Summer 2011 /Birth & Death/

Warm Embrace

Warm Embrace

At the product launch this spring for Embrace, an innovative infant warmer designed to save the lives of vulnerable babies, snafus kept popping up. The electricity went out at the startup’s packaging and quality control facility in Bangalore, India. The wash-tags were printed incorrectly and had to be redone and stitched in. And when Jane Chen ’00 and her team set off to mail the very first shipment, their rented car sprang a flat, forcing the group to hail a rickshaw.

Chen, Embrace’s CEO, overcame the problems with the same determination and creativity that led her to co-found Embrace. “Everything that could go wrong did, but we were determined no matter what to deliver the product,” Chen says by phone from Bangalore. “People napped for an hour on the couch in the office, but otherwise worked through the night.”

Each year, more than 20 million premature and low-birthweight babies are born worldwide. Four million die in the first month of life because their internal organs are underdeveloped and the babies don’t have enough fat to regulate their body temperature. Survivors may grow up with severe health problems such as diabetes and heart disease–which could be prevented if they were kept warm.

However, in villages in developing nations, babies are often born at home or in rural clinics that lack incubators or use ineffective, stopgap measures such as tying on hot water bottles or keeping the frail patients under light bulbs. In the cities, hospitals may not have enough incubators, or find them confusing to use and difficult to maintain and repair.

At $200, the Embrace infant warmer is a fraction of the $20,000 cost of a traditional incubator. Resembling a tiny sleeping bag, the device uses a pouch of a wax-like substance that can be heated to keep the babies warm for four to six hours at normal human body temperature. They’re portable, safe, and easy to use and re-use.

The ingenious product has attracted widespread attention for Chen, who has been featured in The Wall Street Journal, The Economist and a segment on ABC News. She was selected as a fellow at TEDIndia–the influential conference of global movers and shakers–and as the recipient of Pomona’s Inspirational Young Alumni Award for 2011.

At Pomona, Chen, a psychology major, mentored at-risk high school students and spent a semester abroad in Nanjing, which kindled her interest in working internationally. After graduation, she headed to Hong Kong as a management consultant. After reading about villages hard hit by AIDS in China, she became a program director at a startup non-profit that funded and operated projects in education and care for children and adults impacted by AIDS, raising funds and increasing public awareness about their plight.

“I realized how lucky I was, to be born in the point one percent of the luckiest people born on the planet. I could have been born into another life,” says Chen, the daughter of Chinese immigrants. “It exposed me to the injustices of the world.”

She returned to earn an M.B.A. and a master’s in public policy in a joint program at the Stanford Graduate School of Business and the John F. Kennedy School of Government at Harvard. Embrace emerged from a 2007 class project at Stanford, where Chen, along with Linus Liang, Nag Murty and Rahul Panicker–classmates from diverse backgrounds in engineering, business, public policy, entrepreneurship and computer science–created the prototype after a trip to Kathmandu, Nepal, where they witnessed the immense need firsthand.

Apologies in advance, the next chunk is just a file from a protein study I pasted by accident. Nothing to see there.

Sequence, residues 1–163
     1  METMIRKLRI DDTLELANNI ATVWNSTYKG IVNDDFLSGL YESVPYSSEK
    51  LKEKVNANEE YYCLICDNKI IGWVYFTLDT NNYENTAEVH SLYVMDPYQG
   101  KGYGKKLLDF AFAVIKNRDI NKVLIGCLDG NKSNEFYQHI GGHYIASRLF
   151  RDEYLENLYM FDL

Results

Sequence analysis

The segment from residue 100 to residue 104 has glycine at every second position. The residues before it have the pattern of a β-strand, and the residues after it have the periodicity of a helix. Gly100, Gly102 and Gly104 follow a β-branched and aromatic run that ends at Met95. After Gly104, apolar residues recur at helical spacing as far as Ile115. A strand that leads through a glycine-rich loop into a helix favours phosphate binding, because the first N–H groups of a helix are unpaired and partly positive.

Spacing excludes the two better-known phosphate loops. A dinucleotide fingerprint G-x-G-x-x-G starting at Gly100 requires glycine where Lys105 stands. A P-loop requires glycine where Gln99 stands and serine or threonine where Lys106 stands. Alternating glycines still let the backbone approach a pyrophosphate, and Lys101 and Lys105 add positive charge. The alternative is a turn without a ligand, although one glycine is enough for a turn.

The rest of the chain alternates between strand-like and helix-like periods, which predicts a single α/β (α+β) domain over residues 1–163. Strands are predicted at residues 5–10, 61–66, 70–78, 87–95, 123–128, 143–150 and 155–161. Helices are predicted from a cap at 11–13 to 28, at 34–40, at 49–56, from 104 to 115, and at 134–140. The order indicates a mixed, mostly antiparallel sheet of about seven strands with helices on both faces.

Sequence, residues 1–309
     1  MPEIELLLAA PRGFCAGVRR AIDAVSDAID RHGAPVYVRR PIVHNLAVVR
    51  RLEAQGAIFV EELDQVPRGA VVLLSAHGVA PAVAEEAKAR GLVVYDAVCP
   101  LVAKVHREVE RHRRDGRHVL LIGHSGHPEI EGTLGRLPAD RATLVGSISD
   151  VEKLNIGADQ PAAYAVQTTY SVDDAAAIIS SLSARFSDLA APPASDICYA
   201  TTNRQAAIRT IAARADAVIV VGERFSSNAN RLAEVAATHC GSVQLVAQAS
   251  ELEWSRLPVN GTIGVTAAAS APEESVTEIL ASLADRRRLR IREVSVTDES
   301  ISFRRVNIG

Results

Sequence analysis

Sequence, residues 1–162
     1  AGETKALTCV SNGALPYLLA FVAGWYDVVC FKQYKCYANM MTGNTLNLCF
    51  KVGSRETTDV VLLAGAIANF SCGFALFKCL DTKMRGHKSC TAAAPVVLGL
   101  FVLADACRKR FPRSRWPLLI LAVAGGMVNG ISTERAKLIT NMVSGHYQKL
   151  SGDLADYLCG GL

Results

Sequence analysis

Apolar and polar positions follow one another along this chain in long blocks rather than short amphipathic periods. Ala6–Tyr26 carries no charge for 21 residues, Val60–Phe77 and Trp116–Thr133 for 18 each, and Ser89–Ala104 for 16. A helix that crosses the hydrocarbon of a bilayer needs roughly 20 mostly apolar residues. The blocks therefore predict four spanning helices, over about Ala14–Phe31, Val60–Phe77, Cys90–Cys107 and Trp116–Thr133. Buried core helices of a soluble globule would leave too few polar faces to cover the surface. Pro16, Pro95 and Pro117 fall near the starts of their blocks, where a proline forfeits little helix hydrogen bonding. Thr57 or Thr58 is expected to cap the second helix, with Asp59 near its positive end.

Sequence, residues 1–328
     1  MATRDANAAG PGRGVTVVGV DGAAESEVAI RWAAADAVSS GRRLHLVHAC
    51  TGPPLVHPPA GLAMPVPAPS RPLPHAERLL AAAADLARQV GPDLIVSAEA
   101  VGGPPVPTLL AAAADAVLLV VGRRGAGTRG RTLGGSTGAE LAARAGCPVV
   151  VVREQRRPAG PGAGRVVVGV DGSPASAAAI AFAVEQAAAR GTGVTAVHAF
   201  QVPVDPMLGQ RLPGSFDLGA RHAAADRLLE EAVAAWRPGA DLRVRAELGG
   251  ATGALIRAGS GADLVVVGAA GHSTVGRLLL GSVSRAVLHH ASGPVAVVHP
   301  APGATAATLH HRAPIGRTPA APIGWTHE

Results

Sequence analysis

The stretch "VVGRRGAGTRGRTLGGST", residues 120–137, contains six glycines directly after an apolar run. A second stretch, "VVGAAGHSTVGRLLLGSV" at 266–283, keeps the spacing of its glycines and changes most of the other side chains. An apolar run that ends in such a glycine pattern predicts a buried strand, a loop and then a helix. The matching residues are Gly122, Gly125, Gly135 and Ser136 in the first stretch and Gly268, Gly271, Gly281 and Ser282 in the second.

The road from idea to market has been arduous, taking Chen across 11 states in India, interviewing doctors, midwives and government health officials to refine the device. “We wanted to make it truly locally appropriate, rather than something we came up with in the U.S. and force-fed on the other end,” she says. Leading up to April’s launch, there were animal trials with preemie lambs in Utah, presentations of research at medical conferences, business meetings in India and distribution deals with companies such as GE Healthcare and Novartis and NGOs such as Population Services International.

Initially, Embrace is selling a version that requires 20 minutes of electricity to heat up the device, for clinics and hospitals with intermittent power. The second version, to launch in October, is geared towards home use and relies on hot water as the heat source.

“It’s a huge market, but it’s going to take convincing that community health workers should be equipped with this tool, just like a stethoscope,” says Kevin Starr, director of the Rainer Arnhold Fellows Program, which mentors social entrepreneurs, and funds Embrace through its parent organization, the Mulago Foundation. The startup, in the process of securing venture capital funding, will have non-profit and for profit arms. So far, Embrace has raised over $2 million through foundations and individual contributions.

The company will be based in Bangalore and Chen has settled into life in India with gusto and aplomb. Clad in the traditional garb of a shalwar kameez–flowing tunic over billowy pants–and climbing aboard rickshaws, she comes off as a native, says Vinod K. Bhutani, a neonatologist at Stanford University Medical Center who has worked extensively in India on health policy and education. “She blends in,” says Bhutani, also an Embrace board member. “She’s learning to communicate the body language and understand the nuances.”

After India, Embrace plans to expand its distribution into other countries throughout South Asia, China, Kenya and Uganda and eventually develop additional affordable medical technologies. “Every time we go to a clinic,” Chen says, “we see 12 other needs that could be addressed.”